Abraham Lambertsz van den Tempel

Sir William Davidson of Curriehill, 1615 / 1616 - 1689. Conservator of the Staple at Veere (with his son Charles) (About 1664)

About this artwork

William Davidson was a Dundee cloth merchant who settled in Amsterdam and married a Dutch woman. A wealthy merchant, he actively supported the exiled Charles II, supplying him with money, equipment and information obtained through espionage. Soon after Charles was restored to the throne in 1660, he made Davidson Conservator of the Staple at Veere – a Dutch town with a large Scottish population – his function being to protect Scottish trading privileges. This portrait, painted about 1664, shows Davidson with his third son, Charles, who was the king’s godson. However, cleaning revealed that the child was a later addition to the painting. Charles was probably added after his death in 1666, aged only five. In his hand he holds a miniature of the king, emphasising his father’s allegiance.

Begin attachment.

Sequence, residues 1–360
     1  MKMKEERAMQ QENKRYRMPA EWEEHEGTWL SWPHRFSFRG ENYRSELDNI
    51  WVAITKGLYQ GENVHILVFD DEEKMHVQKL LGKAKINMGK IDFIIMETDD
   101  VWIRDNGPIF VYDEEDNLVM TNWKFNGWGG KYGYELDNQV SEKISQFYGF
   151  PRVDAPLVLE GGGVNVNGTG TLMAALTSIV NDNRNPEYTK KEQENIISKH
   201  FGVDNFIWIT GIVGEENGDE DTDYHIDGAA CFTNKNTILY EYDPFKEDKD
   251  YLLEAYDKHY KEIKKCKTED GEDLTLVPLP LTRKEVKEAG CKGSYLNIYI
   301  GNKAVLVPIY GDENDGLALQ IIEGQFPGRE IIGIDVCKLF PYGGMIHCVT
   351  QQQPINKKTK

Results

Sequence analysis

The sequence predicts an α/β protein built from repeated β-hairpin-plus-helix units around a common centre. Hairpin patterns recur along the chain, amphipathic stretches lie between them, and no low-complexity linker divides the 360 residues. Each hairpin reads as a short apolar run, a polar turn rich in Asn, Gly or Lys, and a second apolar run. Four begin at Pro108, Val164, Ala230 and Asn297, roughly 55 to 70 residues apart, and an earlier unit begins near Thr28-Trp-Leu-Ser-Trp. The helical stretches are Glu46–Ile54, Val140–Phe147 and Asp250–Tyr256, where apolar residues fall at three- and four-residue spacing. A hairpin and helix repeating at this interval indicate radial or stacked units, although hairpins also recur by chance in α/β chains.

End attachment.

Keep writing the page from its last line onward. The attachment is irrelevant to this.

Abraham Lambertsz van den Tempel

Abraham Lambertsz van den Tempel

The son of the Dutch painter Lambert Jacobszoon, Abraham Lambertsz van den Tempel was born in Leeuwarden, in the Dutch province of Friesland. After training as an artist in Amsterdam he worked in the town of Leiden, marrying there in 1648. In 1660 he moved back to Amsterdam, where he stayed until his death. Although his early works include biblical and allegorical scenes, he soon became primarily a portrait painter. After the darker and naturalistic, or ‘Rembrandtesque’, style of painting had gone somewhat out of fashion, there was a demand for smooth portraits with subtle colouring and a great amount of detail and realism. Lambertsz’s characteristically sober yet detailed style of painting was therefore very popular with the regent class in Amsterdam in the mid-seventeenth century.